While we’re talking about LGW: Cranky, would you be able to do a post on competition between London airports? BAA have sold Gatwick to GIP, who have a stake in LCY, and we now have the unusual (for here) sight of adverts aimed at consumers suggesting we use LGW instead of LHR. I haven’t seen anything on whether they’re competing on landing fees, etc.

    1. Well, I’m not sure that O’Leary actually cares about court orders anyway, so it’s still a big deal in my mind. But O’Leary is also smart. He can retract his attack on Sir Stelios and it gives him more opportunities to slam easyJet’s poor on time record. All he has to do is say Stelios isn’t involved. Good deal.

      I think that orange color is part of the deal, so they would have to repaint.

      Good question about LGW. I’ll put it on the list.

  2. Well there’s a whole heap of background here :, and in two more recent posts.

    Many of those Ryanair-haters out there are increasingly concerned that all the goodwill they have wrapped up in Easyjet is just going to go pfut if EZY management can’t turn this one around. The thought of being driven into the arms of O’Leary is hugely depressing

  3. I am not sure that it looks at all like that close up. I still choose easyjet over ryanair without a second’s hesitation: not transparently hating your passengers is a pretty big advantage. And a 38% shareholding is big, but it’s a minority, so the directors very properly don’t want to let Stelios call the shots as if it were still a family business.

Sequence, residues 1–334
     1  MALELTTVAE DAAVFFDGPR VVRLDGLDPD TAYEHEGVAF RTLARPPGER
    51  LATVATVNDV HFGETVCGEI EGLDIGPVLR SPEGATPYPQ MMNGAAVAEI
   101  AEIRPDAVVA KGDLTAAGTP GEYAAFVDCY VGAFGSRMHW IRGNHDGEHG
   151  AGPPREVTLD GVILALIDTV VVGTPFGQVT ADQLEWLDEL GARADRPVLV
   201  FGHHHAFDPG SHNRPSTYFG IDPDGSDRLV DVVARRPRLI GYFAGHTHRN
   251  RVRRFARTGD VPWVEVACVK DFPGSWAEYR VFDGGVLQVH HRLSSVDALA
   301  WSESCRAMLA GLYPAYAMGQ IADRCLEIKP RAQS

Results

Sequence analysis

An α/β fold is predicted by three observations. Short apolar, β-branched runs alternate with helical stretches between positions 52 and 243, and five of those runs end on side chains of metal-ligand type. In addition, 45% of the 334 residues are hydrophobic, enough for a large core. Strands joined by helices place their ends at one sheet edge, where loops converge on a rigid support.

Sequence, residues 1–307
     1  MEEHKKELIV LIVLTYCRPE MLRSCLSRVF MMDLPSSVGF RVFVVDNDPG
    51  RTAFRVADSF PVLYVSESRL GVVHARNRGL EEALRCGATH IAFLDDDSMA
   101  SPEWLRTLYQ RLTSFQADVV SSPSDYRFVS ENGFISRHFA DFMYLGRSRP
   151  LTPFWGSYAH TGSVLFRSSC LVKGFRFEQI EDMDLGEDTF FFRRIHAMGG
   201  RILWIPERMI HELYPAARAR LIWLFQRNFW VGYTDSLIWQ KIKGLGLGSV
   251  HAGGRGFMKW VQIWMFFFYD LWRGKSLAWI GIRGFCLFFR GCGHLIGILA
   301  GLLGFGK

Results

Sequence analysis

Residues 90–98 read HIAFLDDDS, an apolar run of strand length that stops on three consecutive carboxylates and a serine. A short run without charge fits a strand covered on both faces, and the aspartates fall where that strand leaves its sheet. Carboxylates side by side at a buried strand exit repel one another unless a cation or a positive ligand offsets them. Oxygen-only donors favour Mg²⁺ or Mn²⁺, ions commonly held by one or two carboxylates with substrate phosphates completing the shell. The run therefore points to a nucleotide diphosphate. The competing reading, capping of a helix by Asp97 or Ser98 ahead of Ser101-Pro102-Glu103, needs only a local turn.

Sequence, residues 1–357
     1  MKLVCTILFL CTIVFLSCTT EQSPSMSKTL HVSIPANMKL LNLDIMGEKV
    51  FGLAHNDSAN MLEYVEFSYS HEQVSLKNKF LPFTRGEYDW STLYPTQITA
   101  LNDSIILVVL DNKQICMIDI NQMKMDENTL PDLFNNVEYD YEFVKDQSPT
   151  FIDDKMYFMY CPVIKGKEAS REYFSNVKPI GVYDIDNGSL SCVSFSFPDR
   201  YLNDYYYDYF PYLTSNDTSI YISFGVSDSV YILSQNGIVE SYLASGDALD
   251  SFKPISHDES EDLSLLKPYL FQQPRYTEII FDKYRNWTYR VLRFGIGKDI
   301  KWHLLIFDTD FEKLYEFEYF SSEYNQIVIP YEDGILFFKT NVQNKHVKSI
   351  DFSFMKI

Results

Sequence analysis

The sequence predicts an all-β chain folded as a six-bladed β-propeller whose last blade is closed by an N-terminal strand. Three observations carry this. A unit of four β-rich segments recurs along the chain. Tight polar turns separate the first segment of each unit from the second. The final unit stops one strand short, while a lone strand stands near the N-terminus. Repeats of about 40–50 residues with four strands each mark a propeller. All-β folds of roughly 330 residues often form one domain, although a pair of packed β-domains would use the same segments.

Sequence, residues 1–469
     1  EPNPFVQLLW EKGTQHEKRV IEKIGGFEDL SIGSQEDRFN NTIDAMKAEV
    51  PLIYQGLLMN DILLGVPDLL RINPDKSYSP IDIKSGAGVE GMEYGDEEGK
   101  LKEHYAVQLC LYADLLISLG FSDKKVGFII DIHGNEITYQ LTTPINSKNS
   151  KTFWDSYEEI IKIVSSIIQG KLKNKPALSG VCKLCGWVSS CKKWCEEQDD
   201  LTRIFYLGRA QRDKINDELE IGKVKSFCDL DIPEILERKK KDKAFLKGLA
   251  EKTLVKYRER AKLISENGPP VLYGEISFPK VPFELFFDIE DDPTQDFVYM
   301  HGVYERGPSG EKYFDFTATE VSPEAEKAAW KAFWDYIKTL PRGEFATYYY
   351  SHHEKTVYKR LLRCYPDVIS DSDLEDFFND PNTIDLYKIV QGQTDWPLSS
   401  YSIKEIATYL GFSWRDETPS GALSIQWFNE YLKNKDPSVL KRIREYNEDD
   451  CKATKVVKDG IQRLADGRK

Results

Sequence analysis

The real core of the dispute seems to be that the board still has a growth strategy and is investing in more planes, Stelios wants to see some of that money in dividends. That’s his right, of course, but the fact of the dispute strongly suggests that he cannot muster the support of enough other shareholders to change the policy.

    Protecting the separate spheres of influence of easy* companies is one thing, but arguing that baggage fees shouldn’t be counted as revenue related to flying strongly suggests that it is not the easyjet board which is seeking trouble here.

  4. I pray that EasyJet fixes the problem quickly. It would be a travelers nightmare to be left a the mercy of RYAN AIR!

  5. I fly Easyjet regularly from GVA-LGW but only if I’m going to the UK for family/leisure reasons.

    When I have to travel for meetings, I always go by BA (I do sometimes return by Easyjet). This is simply because I can’t guarantee I’ll get there on time. Easyjet’s reliability has plummeted in the past months and I’ve never had a return journey that was not delayed on one of its legs.

    I’ve also had numerous flights cancelled (for non-weather, ie Easyjet-specific reasons) and many, many hours of delays (because Easyjet don’t seem to have any spare planes in case of problems).

    I have flown Swiss/BMI and BA and never experience any of the same kind (or extent of) problems. Yes, Swiss/BMI and BA can be more expensive – but not always. It is often a question of a few pounds, no more than that – in which case I tend to go for the scheduled airline.

    I used to be a big fan of Easyjet. It’s a great shame that they’ve declined. Even Ryanair (which I really dislike) has spare planes in case of technical problems and despite the grating Michael O’Leary they do actually run a punctual service.

    Stelios is right to be disgruntled with the airline, they’re sullying the Easy brand. It’s time they stepped up a gear, it won’t be long before I kick them into touch for leisure flights too.

  6. 27/09/10 easyjet announce disrupted flights to Alicante due to spanish air traffic controllers strike on the 29/9/10 blogging on there website you can change or amend your flight or get full refund for disrupted flight.. NOT SO on conversation with them they refused to give refund unless flight cancelled we will have to see what office of fair trades say about this statement..